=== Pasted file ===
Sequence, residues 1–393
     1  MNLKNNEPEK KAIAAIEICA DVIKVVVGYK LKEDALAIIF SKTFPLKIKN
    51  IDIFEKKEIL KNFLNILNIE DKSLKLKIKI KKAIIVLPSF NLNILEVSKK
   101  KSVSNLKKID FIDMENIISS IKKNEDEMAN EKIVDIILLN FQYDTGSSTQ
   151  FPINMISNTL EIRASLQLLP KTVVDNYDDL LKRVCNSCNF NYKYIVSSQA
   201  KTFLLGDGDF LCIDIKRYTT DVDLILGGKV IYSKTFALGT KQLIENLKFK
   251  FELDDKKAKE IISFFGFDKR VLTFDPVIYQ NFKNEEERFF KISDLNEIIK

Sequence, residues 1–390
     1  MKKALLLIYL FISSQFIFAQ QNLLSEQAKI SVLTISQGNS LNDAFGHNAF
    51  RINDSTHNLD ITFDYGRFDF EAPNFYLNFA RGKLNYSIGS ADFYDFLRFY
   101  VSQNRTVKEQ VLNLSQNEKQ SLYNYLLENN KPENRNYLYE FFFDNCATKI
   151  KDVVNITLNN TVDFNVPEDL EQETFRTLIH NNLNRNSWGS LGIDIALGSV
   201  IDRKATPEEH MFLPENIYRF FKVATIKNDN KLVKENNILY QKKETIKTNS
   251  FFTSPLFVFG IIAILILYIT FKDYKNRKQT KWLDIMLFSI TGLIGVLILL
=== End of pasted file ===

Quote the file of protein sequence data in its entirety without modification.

Sequence, residues 1–393
     1  MNLKNNEPEK KAIAAIEICA DVIKVVVGYK LKEDALAIIF SKTFPLKIKN
    51  IDIFEKKEIL KNFLNILNIE DKSLKLKIKI KKAIIVLPSF NLNILEVSKK
   101  KSVSNLKKID FIDMENIISS IKKNEDEMAN EKIVDIILLN FQYDTGSSTQ
   151  FPINMISNTL EIRASLQLLP KTVVDNYDDL LKRVCNSCNF NYKYIVSSQA
   201  KTFLLGDGDF LCIDIKRYTT DVDLILGGKV IYSKTFALGT KQLIENLKFK
   251  FELDDKKAKE IISFFGFDKR VLTFDPVIYQ NFKNEEERFF KISDLNEIIK

Sequence, residues 1–390
     1  MKKALLLIYL FISSQFIFAQ QNLLSEQAKI SVLTISQGNS LNDAFGHNAF
    51  RINDSTHNLD ITFDYGRFDF EAPNFYLNFA RGKLNYSIGS ADFYDFLRFY
   101  VSQNRTVKEQ VLNLSQNEKQ SLYNYLLENN KPENRNYLYE FFFDNCATKI
   151  KDVVNITLNN TVDFNVPEDL EQETFRTLIH NNLNRNSWGS LGIDIALGSV
   201  IDRKATPEEH MFLPENIYRF FKVATIKNDN KLVKENNILY QKKETIKTNS
   251  FFTSPLFVFG IIAILILYIT FKDYKNRKQT KWLDIMLFSI TGLIGVLILL